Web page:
Scottish parliament gives green light to negotiate second independence referendum

29 Mar 17

UNITED KINGDOM

IMPACT – MEDIUM

The Scottish parliament has voted in favor of a second independence referendum.

The vote came a day before the United Kingdom invoked Article 50 of the Lisbon Treaty to formally begin the process of leaving the European Union and gave First Minister Nicola Sturgeon authority to negotiate with the U.K. over an independence vote.

Sturgeon remains at odds with U.K. Prime Minister Theresa May, however. Sturgeon has said she will push for a vote at some point in late 2018 or early 2019, before the U.K. leaves the EU but after it becomes clear what the terms of departure will be. May has said “now is not the time” to discuss a second independence referendum.

Key Points:

  •  Scotland voted against independence in 2014, with 55 percent voting to remain part of the U.K. That was before the U.K.’s Brexit referendum in June 2016, in which a strong majority of Scottish voters favored remaining in the EU.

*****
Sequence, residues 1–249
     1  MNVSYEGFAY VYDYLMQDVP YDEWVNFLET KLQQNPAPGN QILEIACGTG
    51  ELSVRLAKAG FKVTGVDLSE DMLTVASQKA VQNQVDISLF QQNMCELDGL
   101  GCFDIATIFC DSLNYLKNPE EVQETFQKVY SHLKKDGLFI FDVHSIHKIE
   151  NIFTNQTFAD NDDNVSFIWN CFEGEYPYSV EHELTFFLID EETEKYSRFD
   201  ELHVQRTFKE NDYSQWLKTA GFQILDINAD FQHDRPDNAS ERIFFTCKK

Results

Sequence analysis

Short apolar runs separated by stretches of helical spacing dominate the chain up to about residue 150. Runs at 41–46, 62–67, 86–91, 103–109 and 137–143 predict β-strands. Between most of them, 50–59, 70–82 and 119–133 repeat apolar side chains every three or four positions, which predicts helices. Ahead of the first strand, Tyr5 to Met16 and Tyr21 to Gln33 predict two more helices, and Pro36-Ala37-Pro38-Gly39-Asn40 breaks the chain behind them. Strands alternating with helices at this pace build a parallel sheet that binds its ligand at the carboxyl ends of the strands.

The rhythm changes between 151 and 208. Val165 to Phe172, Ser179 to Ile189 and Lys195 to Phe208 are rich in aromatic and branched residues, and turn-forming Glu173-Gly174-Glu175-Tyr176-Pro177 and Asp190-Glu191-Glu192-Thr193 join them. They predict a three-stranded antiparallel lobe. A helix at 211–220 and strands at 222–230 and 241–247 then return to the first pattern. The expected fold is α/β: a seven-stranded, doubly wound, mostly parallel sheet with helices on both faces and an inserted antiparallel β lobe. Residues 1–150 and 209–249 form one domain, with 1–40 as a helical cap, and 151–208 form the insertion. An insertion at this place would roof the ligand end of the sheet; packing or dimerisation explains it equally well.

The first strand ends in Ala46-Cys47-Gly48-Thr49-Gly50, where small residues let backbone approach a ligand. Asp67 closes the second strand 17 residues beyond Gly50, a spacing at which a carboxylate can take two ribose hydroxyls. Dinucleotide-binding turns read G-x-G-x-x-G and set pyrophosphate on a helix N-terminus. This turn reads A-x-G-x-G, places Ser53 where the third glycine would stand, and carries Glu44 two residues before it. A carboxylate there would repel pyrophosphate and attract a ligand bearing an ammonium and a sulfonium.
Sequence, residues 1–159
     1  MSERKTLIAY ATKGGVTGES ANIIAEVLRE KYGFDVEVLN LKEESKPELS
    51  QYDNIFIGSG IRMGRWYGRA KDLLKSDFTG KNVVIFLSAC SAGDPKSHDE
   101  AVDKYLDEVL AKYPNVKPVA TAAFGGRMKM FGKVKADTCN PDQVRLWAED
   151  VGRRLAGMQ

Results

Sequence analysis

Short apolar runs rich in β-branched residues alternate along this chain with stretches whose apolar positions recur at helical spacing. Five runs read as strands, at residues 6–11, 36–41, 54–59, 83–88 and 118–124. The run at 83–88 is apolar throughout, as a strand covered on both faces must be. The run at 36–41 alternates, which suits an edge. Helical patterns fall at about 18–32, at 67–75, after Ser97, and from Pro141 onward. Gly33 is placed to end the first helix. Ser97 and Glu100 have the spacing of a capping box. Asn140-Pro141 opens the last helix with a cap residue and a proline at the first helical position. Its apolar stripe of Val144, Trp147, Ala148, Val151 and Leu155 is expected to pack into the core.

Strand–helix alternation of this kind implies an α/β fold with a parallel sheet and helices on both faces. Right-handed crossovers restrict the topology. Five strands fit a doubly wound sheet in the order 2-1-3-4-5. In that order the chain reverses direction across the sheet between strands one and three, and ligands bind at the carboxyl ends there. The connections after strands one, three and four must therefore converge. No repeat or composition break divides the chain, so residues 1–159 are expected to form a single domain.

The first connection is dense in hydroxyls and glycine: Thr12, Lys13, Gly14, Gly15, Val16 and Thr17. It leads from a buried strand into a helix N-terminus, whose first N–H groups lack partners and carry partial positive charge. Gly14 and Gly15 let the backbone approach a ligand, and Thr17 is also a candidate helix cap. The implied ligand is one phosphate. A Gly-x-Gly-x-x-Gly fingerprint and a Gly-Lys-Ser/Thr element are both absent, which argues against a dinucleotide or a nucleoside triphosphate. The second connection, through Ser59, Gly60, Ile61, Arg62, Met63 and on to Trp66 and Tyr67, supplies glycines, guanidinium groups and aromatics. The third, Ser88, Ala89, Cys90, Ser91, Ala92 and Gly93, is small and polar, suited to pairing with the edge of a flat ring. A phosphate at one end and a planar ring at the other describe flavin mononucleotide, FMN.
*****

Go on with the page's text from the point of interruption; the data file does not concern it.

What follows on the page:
•  The U.K.’s Supreme Court ruled in January that the U.K.’s membership in the EU is a matter for Parliament in Westminster, and not one of the devolved issues on which the Scottish legislature can have a direct influence.
  •  Sturgeon said earlier this month that she would push for a second independence referendum. The BBC reported Tuesday that Sturgeon is open to negotiating the timing of the referendum, but that if Westminster refused to negotiate on an independence vote she will return to the Scottish Parliament in April to discuss next steps.

BAL Analysis: Scottish independence offers a possibility of greater protection for European migrants in Scotland and the continuation of free movement. It also opens the door for a revised immigration policy for all foreign nationals, as Scotland’s specific immigration needs and demand for workers both in lesser populated areas and in key industries such as the North Sea oil and gas industry have often not been met by the U.K.’s more restrictive immigration policies. That said, any potential second independence vote will not occur for at least 18 months, and there are no immediate immigration impacts to the Scottish parliament’s vote Tuesday. While the strength of anti-Brexit feeling may increase the odds of a Scottish independence vote passing, many steps remain before a second referendum can be put before voters.

This alert has been provided by the BAL Global Practice group in the United Kingdom. For additional information, please contact your BAL attorney.

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